• Keep it short and concise. Two paragraphs as a maximum but one paragraph is best. Craft your email explaining what your story is, why you think it’s relevant, how you can add value and when it might work best. Then you’ve genuinely done your job and tried to help the journalist you want to engage with to write your story.
  • Proofread what you have written and send it. Some journalists like a follow-up phone call and some don’t. I suggest letting them know you will be following up in a few days and ask them when might be the best time.

If you’ve you have read this and still want to send the media release, by all means do, just make sure it is sent to the journalists that are right to receive it.

Best of luck having your story published!


Top image: athena

Finding the right PR partner can be fickle. Like finding the right person to date, you know when it’s a perfect fit but it can take sometime before you realise it is likely to go horribly wrong.

Many businesses feel they’ve been burnt by PR people and agencies so their solution is to completely avoid PR, attempt DIY PR with mixed results or get back in the game and shop for a new PR relationship that (fingers crossed) won’t let them down. Like any relationship however, it’s best to start with honesty – on both sides.

For too long PR practitioners have been the smooth talking, leather jacket wearing rebel boyfriend your parents warn you about. They promise the world and just end up disappointing you.

It’s time for this mentality and behavior to change. Very rarely do I meet a business owner who hasn’t had a negative or disappointing experience. While there are many talented, hard working, creative and well-connected PR people out there willing and ready to work hard for your dollars, the fact remains that without good communication at the outset, the expectations from both sides can be ill-represented and the relationship will fail.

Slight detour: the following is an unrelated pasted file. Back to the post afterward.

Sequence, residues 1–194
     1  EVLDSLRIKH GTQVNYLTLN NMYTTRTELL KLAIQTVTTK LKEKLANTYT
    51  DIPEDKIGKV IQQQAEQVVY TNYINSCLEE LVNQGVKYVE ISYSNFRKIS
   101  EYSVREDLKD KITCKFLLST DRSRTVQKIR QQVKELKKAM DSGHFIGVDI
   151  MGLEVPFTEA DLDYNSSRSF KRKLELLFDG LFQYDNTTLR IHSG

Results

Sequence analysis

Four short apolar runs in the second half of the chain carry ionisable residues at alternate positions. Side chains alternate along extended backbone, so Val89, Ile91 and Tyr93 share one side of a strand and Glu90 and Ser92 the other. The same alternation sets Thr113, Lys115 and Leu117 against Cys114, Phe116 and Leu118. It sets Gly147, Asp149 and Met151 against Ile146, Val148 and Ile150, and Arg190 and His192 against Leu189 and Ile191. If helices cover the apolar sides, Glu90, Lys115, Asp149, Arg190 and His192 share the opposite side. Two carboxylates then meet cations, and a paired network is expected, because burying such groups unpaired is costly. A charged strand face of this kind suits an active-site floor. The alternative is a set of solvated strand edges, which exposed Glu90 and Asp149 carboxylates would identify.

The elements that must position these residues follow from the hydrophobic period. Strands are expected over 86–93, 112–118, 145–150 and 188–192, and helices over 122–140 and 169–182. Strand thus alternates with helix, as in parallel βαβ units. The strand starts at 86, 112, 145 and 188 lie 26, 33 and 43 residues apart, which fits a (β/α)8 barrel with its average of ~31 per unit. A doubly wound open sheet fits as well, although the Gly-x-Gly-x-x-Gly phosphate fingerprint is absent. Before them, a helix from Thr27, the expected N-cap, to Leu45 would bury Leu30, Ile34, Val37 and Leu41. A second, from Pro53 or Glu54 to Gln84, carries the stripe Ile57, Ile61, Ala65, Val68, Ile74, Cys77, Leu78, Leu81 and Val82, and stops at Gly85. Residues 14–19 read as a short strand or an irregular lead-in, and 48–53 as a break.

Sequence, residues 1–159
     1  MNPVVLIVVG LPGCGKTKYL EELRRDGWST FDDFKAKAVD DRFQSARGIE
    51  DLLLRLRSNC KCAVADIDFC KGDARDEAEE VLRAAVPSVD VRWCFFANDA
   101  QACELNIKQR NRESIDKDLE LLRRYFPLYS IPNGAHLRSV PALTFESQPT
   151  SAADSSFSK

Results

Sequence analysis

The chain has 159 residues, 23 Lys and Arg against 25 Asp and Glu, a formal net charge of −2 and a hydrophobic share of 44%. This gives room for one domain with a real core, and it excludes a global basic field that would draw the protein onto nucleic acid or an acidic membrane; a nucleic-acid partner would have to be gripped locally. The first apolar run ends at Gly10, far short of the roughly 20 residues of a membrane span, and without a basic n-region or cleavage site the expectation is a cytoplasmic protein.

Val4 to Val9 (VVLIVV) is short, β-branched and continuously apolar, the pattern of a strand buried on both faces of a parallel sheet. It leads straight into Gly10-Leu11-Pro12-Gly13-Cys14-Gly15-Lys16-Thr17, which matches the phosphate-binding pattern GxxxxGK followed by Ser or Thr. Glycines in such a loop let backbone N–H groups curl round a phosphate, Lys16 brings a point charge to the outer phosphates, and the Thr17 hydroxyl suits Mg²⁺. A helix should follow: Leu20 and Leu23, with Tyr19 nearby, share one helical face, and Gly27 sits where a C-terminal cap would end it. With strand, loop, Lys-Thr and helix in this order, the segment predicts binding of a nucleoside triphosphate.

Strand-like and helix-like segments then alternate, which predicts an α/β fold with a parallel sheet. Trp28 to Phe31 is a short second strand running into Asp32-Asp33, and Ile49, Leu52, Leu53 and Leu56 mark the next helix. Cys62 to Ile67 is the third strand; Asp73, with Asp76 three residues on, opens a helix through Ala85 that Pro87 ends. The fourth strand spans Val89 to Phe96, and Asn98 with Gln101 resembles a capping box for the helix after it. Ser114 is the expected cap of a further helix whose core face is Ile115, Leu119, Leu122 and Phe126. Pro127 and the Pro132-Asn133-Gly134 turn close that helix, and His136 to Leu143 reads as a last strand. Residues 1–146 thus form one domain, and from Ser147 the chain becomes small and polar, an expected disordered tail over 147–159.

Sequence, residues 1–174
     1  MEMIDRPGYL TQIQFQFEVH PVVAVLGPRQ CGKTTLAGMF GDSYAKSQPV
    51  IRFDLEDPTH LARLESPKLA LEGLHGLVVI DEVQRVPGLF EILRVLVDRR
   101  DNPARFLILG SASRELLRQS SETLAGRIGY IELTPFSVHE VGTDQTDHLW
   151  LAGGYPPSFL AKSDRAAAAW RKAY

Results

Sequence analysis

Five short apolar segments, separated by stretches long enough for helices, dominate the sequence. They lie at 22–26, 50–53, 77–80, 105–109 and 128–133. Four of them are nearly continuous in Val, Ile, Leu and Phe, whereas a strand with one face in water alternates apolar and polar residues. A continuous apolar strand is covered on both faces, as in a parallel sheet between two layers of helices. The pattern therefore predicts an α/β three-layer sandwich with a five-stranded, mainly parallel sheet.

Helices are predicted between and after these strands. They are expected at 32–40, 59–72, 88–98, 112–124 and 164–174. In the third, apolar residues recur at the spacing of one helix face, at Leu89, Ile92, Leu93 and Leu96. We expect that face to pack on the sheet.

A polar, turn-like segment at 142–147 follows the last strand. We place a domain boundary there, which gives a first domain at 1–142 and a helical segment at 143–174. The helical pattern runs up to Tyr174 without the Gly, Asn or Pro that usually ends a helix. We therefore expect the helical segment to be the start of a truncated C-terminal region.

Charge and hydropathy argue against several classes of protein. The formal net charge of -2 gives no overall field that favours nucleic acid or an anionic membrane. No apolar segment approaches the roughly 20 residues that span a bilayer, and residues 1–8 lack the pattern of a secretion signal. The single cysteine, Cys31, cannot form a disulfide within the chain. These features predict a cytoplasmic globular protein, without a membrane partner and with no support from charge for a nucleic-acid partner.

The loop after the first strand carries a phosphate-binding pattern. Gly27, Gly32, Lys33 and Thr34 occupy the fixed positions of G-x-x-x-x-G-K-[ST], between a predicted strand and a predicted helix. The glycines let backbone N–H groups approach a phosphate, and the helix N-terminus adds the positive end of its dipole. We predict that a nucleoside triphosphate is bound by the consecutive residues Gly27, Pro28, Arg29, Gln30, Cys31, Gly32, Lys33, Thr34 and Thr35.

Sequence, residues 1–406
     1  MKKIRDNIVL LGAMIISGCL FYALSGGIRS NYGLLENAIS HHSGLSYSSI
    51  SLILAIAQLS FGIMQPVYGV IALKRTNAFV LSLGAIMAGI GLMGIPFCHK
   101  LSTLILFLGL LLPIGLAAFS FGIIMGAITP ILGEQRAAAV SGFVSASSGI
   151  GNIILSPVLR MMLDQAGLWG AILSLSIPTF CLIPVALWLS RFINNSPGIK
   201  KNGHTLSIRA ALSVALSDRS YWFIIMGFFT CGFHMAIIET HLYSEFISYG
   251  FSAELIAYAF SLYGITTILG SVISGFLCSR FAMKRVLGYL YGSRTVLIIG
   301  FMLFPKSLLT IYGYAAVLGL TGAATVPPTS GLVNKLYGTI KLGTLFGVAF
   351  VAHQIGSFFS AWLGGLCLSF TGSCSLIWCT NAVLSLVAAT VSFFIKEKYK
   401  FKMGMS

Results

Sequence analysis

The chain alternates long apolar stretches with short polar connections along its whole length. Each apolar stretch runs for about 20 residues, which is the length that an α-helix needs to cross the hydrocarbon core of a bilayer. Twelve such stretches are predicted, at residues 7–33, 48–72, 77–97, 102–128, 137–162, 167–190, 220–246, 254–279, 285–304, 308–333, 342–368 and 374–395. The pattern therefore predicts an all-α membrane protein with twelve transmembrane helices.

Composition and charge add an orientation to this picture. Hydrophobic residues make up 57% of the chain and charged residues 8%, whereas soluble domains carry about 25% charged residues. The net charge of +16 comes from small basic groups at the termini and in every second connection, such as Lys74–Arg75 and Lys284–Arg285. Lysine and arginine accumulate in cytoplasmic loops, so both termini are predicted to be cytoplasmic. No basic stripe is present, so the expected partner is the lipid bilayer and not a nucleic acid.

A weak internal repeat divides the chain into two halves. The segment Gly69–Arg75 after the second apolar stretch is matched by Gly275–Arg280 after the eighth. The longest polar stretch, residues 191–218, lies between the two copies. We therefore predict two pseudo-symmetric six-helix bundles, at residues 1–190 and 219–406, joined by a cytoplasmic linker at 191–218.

Here are five tips to help you pinpoint Mr. or Miss Right.

How to choose PR agency

1. Play the field

It’s a good idea to speak to at least three consultants as a minimum. However, make sure you give all three the same brief so you can compare apples with apples. This is also fair for the agencies or consultant you are speaking to. Ask people you know for recommendations, look at companies that have PR receiving coverage that might work for you, check out Twitter or your industry’s trade news -there is sure to be a PR firm specialising in your sector but don’t disregard those who don’t -they may bring a fresh approach.

Also, don’t take the ideas on one agency and then opt to implement all their ideas yourself or give their ideas to another agency – it’s bad form, unfair, costs the agency time and money to give you ideas for free and happens way too often.

2. Tell ‘em what you want

There’s a line between dictating how you want your PR campaign to be implemented and leaving it up to the PR pro. I think there should be a balance. If you can, prepare either a written or verbal brief to to define your business objectives and your communication objectives. If you can’t define these objectives, your expectations will not align with those your PR partner. If you’re not sure what your objectives are, meet with your team and work it out. There’s no point embarking on PR and/or marketing without knowing your business objectives. Brainstorm this and you will be all the wiser. Any good PR consultant should be able to develop your communications objectives based on your business objectives.